Mike Montgomery hopes to become a Metz

PORT OF ST. LUCY, Florida – He began to believe in a curse. Then he confided in another destiny. Baseball has a way to play with emotions. Ask Mike Montgomery.

People still do it. They will always do it. There are worse things to know than saving Game 7 of the World Series, as Montgomery once did for the Cubs. That was long before he was in the camp with the Mets this spring, after a dizzying season that took him to the baseball hinterlands and made Chicago feel like a dream.

“I remember taking a car from a dealer there, like ‘Hey, please drive our car,’ and it was like a $ 100,000 Lexus,” Montgomery said over the wings at a sports bar here last week, recalling the 2016 trail. title. “I really had the feeling that I could almost drive lights, not have to follow the rules of the road, and if someone pulls me over and tells them who I am, they won’t care. They would say, “Oh, don’t worry about it. Whatever you want, Mr. Montgomery! ”

He laughed and shook his head.

“I miss that,” he said. “It doesn’t matter who you are, you want it. It fades over time, but I think the legacy will never go away over time. “

Montgomery has played in five of the seven World Series games against Cleveland, including a 4-game loss to Wrigley Field to the Cubs, three to one. During this game, linear driving tore Montgomery’s glove from his hand, something that had never happened before. It was disturbing, he thought, a sign that something was wrong.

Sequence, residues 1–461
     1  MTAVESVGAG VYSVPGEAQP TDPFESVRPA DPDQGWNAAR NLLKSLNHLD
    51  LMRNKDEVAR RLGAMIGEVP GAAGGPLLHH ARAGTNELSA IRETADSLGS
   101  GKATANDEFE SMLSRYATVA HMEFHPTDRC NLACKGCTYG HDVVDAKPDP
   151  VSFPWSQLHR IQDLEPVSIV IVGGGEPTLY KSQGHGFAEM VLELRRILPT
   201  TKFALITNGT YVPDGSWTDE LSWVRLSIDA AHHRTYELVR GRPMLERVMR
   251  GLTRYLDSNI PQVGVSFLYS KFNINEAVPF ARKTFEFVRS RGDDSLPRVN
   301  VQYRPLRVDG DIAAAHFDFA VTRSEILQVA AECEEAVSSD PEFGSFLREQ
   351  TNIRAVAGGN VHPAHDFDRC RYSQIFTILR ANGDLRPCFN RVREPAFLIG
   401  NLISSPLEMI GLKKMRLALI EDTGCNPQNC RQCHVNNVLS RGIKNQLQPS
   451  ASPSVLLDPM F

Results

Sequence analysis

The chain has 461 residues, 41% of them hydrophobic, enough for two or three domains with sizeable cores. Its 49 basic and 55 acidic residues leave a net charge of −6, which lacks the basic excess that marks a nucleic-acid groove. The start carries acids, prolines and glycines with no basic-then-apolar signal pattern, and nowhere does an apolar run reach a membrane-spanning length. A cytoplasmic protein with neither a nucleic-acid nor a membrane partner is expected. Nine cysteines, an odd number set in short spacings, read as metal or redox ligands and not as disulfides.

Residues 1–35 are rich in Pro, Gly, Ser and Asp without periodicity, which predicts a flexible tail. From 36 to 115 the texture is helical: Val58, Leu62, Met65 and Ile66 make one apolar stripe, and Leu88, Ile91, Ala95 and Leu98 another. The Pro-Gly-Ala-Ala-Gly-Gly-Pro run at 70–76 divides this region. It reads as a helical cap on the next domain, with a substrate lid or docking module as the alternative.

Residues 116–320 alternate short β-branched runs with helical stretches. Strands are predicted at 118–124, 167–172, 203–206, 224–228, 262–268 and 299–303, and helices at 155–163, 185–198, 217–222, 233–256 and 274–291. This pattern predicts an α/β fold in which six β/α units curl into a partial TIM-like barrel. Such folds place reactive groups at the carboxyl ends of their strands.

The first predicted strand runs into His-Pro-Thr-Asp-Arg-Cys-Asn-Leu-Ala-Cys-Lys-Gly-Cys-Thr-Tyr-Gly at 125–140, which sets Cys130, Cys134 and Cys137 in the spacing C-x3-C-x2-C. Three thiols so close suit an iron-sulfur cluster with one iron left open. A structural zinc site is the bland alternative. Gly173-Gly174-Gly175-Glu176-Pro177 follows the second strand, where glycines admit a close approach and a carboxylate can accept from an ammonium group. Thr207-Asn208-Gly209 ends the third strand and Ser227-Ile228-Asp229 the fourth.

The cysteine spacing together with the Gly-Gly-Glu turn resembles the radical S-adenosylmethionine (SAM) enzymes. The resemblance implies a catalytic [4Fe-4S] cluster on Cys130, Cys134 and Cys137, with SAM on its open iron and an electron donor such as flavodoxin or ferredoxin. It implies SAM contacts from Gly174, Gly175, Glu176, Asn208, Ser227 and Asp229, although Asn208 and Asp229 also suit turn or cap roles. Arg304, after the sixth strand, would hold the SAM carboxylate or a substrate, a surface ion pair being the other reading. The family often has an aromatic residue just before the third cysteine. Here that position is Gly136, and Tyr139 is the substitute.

Perhaps, Montgomery wondered, the little ones had indeed been cursed. Desperate that their season was pushed to the brink, he retired to his Wrigleyville apartment and played Xbox hockey for hours. When his hockey team fell behind 3-1 and came back to win 4-3, Montgomery had an insight – now he was sure the Cubs would do the same.

Stories like these and the pitch he threw to win the first Cubs championship in 1908 will fascinate fans forever. The moment is a touchstone, a precious accent for millions that will give Montgomery a small dose of eternal glory. Like a child star on a favorite TV show, his career peaked early in a way few have experienced.

When Montgomery drew this final against Cleveland’s Michael Martinez, he was only the eighth player to throw a gold court designated by the American Baseball Research Society as a field that could either win or lose the World Series. This is an extremely rare situation, possible only in game 7, on the road, at the end of the ninth inning or later, when the season can end – in one way or another – in one fell swoop.

Montgomery received the call in the 10th inning with two outs, runner first and Cubs ahead, 8-7. Cleveland had no players on the bench, and manager Joe Madden correctly suggested that the light Martinez could not handle Montgomery’s crooked ball. Of course, Martinez touched lightly on third baseman Chris Bryant, who slipped as he scored, but collected it cleanly. Anthony Rizzo caught Bryant’s throw at first base, Montgomery threw his glove in the air, and the celebration, which seemed impossible for a long time, was underway.

Imagine the rush of adrenaline from such a moment. Nothing else can compare.

“You can’t miss anything,” Montgomery said. “You can’t undo what you’ve been through. I can’t sit there and try to throw maximum speeds at coke, because you just can’t get the same intensity even in a regular season game compared to the World Series. “